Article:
Health and Human Services seeing bills climb

Published 10:32 am Wednesday, November 23, 2016

Mower County Health and Human Services is continuing to see hefty bills after a Minnesota Department of Human Services cost shift.

Val Kruger, fiscal supervisor for Mower County Health and Human Services, and Director Lisa Kocer updated the county board Tuesday about the hefty bills the county is receiving from a few residents placed at state facilities in need of a high level of care and services.

Due to a cost of care shift, counties are now billed for 100 percent of care once a facility determines a patient no longer needs “hospital level care,” according to Kocer. Still, the patients often need 24-hour care, but there are few long-term beds available, and even those can be hard to come by because of behavioral issues.

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That’s leaving Mower County racking up hefty bills.

This year, Kruger said the change has meant for $200,000 to $300,000 — almost $175,000 from one person.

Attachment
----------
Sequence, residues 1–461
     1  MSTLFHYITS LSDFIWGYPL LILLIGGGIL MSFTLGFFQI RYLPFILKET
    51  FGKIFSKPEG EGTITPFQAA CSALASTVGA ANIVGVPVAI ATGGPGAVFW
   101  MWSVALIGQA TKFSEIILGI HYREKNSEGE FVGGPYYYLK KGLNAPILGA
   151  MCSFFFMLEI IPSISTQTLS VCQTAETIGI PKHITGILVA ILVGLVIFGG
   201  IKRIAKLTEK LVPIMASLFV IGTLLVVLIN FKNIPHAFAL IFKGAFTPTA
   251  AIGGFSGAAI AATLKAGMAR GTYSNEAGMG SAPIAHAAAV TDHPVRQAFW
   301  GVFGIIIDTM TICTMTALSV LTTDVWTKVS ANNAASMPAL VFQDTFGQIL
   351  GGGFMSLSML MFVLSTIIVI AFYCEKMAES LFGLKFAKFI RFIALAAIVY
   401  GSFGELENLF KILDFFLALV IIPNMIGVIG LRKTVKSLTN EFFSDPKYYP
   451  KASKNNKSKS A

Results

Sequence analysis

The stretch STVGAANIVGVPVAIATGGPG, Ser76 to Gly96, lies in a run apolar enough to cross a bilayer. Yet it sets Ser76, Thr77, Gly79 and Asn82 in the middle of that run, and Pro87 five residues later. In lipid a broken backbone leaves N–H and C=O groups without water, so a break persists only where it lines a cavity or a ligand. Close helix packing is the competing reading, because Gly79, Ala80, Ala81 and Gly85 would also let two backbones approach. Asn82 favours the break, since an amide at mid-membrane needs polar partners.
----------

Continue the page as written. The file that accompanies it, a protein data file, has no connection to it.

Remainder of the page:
“I don’t see this issue going away,” Kruger said. “It’s like every month when I get this bill, there’s somebody who’s not meeting the level of care, and it’s very difficult finding placement for these folks, because their needs are so great.”

Commissioner Tim Gabrielson urged staff to reach out and speak out to the state.

“We can’t shoulder that,” he said.

However, County Coordinator Craig Oscarson argued it’s an issue that should be brought up with Gov. Mark Dayton and the Legislature.

Tuesday’s discussion was the second time this year the board and staff spoke out about spiking costs from state cost shifts, as state facilities bill counties once a placement is not deemed clinically appropriate, despite the lack of beds for needed placements.

In the first discussion in June, Kocer noted that Gov. Mark Dayton created a task force on mental health in April, and she hoped it would address some of these issues. However, the county is still facing the spike in costs.

In April, Dayton said too many Minnesotans go for too long to get mental health care. More than 200,000 adults and 75,000 children in the state live with mental illness, and people wait an average of 10 years before seeking treatment.

The governor directed the task force to come up with recommendations for caring for Minnesotans with mental illness, including new policies, legislative changes and funding.

The task force will report back to Dayton and the Legislature by the end of this month.
—The Associated Press contributed to report.